Explores proper timing and the arts of rulership in the work that inspired China's first emperor.
Master Lü's Spring and Autumn Annals (Lüshi chunqiu) inspired the king who united the warring states to become China's first emperor. In this work on the Lüshi chunqiu, author James D. Sellmann finds that the concept of "proper timing" makes the work's diverse philosophies coherent. He discusses the life and times of its author, Lü Buwei, and the structure of the work. Sellmann also analyzes the role of human nature, the justification of the state, and the significance of cosmic, historical, and personal timing in the Lüshi chunqiu. An organic instrumentalist position begins to emerge from the diverse theories of the Lüshi chunqiu. In conclusion, Sellmann looks at the implications of the syncretic philosophies of the Lüshi chunqiu for contemporary conceptions of time, human nature, political order, and social and environmental ethics.
James D. Sellmann is Professor of Philosophy and Director of East Asian Studies at the University of Guam.
"…an eponymously timely discussion of a topic that is often overlooked in recent studies of Chinese Philosophy. " — Dao: A Journal of Comparative Philosophy
"Sellmann's book … is relevant not only as a study on a yet somewhat neglected text but also as an exploration into some basic concepts of ancient Chinese thought that, particularly in the case of time and timing, have not yet been given adequate academic attention. " — China Review International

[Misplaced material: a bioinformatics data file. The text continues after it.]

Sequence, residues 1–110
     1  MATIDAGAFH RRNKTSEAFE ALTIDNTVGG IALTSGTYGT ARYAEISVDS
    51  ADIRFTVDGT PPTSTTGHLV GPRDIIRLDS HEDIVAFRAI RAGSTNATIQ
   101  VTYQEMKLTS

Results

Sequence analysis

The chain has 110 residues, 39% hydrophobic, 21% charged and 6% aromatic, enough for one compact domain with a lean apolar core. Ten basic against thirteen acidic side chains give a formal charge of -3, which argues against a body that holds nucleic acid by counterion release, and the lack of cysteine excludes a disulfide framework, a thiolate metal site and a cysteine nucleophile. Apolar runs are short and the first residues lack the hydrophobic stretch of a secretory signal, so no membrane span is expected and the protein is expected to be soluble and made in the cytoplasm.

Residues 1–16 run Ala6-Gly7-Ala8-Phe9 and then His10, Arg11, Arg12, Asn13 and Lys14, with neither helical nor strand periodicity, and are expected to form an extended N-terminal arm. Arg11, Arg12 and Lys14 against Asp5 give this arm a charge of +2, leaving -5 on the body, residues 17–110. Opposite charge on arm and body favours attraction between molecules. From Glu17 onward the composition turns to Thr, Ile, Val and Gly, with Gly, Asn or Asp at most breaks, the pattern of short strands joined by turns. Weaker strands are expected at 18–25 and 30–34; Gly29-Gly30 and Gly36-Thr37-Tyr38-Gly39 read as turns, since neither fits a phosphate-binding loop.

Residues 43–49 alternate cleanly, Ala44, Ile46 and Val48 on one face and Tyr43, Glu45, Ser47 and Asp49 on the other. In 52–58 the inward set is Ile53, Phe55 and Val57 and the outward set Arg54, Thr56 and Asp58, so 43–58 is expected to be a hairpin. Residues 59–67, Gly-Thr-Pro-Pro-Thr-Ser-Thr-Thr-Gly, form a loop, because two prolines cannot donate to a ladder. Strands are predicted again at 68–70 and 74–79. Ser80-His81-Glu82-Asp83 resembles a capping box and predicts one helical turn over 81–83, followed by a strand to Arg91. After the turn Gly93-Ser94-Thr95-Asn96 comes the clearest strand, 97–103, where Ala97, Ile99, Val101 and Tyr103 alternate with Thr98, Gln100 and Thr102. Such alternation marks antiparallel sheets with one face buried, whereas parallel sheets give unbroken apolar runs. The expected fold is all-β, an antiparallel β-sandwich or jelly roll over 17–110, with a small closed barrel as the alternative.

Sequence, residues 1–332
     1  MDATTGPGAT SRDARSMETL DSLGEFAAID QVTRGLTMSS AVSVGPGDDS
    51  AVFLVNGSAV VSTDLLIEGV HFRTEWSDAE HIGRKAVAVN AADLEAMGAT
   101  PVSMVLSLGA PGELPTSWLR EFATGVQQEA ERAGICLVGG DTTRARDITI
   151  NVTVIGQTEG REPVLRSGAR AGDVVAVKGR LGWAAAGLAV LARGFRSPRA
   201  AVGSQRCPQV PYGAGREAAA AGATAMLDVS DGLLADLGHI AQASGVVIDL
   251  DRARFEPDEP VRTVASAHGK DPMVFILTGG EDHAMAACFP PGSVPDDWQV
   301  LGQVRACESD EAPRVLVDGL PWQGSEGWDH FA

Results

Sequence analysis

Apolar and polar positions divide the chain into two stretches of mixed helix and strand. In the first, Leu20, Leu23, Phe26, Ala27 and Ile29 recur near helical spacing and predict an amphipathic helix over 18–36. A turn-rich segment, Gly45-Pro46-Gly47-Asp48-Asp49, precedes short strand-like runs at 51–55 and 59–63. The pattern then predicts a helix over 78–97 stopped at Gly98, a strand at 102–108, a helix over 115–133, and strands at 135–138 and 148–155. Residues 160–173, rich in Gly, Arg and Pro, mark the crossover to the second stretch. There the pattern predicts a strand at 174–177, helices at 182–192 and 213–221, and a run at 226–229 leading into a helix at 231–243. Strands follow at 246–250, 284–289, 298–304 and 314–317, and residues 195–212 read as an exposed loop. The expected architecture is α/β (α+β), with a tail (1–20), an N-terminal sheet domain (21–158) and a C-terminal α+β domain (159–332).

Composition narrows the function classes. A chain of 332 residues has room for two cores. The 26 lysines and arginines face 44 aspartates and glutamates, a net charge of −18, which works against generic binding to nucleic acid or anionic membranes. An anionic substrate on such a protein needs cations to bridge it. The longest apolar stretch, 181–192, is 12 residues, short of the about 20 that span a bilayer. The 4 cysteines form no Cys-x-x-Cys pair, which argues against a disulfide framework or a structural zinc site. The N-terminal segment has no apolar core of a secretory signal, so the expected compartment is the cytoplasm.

"Sellmann's is an engaging and interesting study of a fascinating work, and should appeal to all interested in philosophy and intellectual history of the times around and during Qin rule, with special appeal for anyone interested in applied eclecticism. " — Nachrichten
"Sellmann … provides an important contribution to our understanding of the common roots of Confucian, Taoist, and even Buddhist ideals. Overall, a sound, thoughtful, and worthwhile analysis. " — Religious Studies Review
"The book is grounded in the original text of the Lüshi chunqiu; it offers a new perspective on zajia, or syncretic philosophy in ancient China. Although 'time' and/or 'proper timing' are discussed in Western philosophy, the concept has received little direct attention in Chinese philosophy, which is somewhat unusual because the issue is so central to understanding Chinese thinking. Sellmann provides a significant and devoted study to the concept of time and proper timing and the book is a first step in addressing the topic's neglect. " — David Jones, Kennesaw State University
"The book presents its own philosophy which Sellmann clarifies by emphasizing the idea of timing in both the extrinsic and intrinsic sense. It is important as a survey of earlier traditional positions, as well as for its influence on later forms of Confucianism, Neo-Confucianism, and even Daoism and Buddhism. " — Alan Fox, University of Delaware